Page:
One of the things that sold me on GURPS as a system back in ’88-’89 in addition to the cool advantage and disadvantage write-ups and the way skills were treated, was the magic system. I had issues with Vancian magic at the time, although I keep Tales of the Dying Earth in a special place on my shelves, near The Magicians, The Name of the Wind, and Jonathan Strange & Mr. Norrell.
Also occupying a sizeable portion of my shelves is my collection of occult books. I am a practicing pagan, and my assorted collections of folk magic have a personal meaning to me. One of the authors in the world of neopagan publishing happens to be Isaac Bonewits , the only known person to have graduated UC Berkeley with a BA in Magic. He also wrote a gaming supplement publushed by Steve Jackson Games called Authentic Thaumaturgy . I had seen it at a game shop years ago, but only picked it up in the last few years.
Some of his concepts about the Laws of Magick made it into very popular book The Master of the Five Magics, by Lyndon Hardy. Traces of them show up in Jim Butcher’s Harry Dresden books, and in David Edding’s Belgariad. Some of them are dealt with neatly in Fritz Lieber’s ConjureWife, and Robert A Heinlein also approached them in Waldo and Magic, Inc.
The GURPS “vanilla” magic has little to do with these narratives. There was a hint of something in the improvised rules, a little in the Rune magic system in Magic, and some bits I don’t recall well from a White Wolf Adaptation of Mage (there weren’t enough pre scripted spell effects for my taste). When GURPS Voodoo came out, we saw the birth of what would later become Ritual Path Magic . It was interesting, but my game operated at a much lower point range.
Technomancer was an awesome addition to the field; I used a lot from this.
A few years later, there was Unlimited mana magery, or umana, which in some ways echoed aspects of the spell failure system from Mage the Ascension. A major campaign event in my game was the result of a catastrophic umana event.
There are a lot of in depth discussions about Thaumatology; some of the better ones are on Psedobobo’s blog Let’s GURPS.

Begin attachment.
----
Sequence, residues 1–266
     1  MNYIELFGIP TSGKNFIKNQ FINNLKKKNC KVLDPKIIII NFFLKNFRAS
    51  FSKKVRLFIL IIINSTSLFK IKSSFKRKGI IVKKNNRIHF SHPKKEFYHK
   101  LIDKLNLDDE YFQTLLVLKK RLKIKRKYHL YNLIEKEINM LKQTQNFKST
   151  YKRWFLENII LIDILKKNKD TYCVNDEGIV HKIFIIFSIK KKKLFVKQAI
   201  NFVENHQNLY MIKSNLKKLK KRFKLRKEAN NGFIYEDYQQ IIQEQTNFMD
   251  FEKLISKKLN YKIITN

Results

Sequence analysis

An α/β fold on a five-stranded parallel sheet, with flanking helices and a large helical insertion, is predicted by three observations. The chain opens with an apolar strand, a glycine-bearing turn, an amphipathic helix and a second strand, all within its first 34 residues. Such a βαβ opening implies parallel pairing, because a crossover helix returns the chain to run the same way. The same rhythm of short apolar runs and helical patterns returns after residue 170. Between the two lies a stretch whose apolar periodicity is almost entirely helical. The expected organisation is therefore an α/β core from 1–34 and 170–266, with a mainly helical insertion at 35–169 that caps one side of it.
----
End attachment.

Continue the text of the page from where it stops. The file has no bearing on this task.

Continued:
There have been a number of alternate systems for magic since then; Sorcery, which does a magic as powers thing, precedented with the introduction of Magic Bolt in DF 11: Power Ups, and in keeping with GURPS Powers, but not holding a flavor I really like. There is also Ritual Path Magic, which has heavy fan support, but is a little mathy and sparse on the Grimoire end for my preferences. I am much more of a plug and play kinda guy; I am not trying to design advantages and rituals; I have too many munchkins in my game to not be checking the math, and it isn’t my strong suit. Ymmv.
One of Bonewits’ criticisms of Vancian (and most roleplaying game depictions of magic) is the ideas that spells, once cast, are forgotten, and, that they can be cast quickly. He proposedthat one might, through a careful, lengthy, and preplanned ritual, build an “astral machine” designed to generate a magical effect, and store energy for the effect, that the practitioner could then release later with a ritual shortened by autohypnotic trance; effectively building a spell in reserve before the adventure, and rapidly releasing it with an abreviated casting during it.
Not too far fromt he characters in the Dying Earth who would arm themselves with a few spells, and feel them buzzing about in their heads until released.
Not far at all from Incanters attaching prepared and extensive rituals to their auras and quick casting later. I checked with Ghostdancer, and Authentic Thaumaturgy was not on his list of researched books for DF 19; great minds think alike, it would seem. Incantation magic has it’s casters preload spells to cast later, and are limited to otherwise weak improvised magic. It sounds like classic dungeon wizardry, and should appeal to those who find the standard system too vanilla. Go pick it p!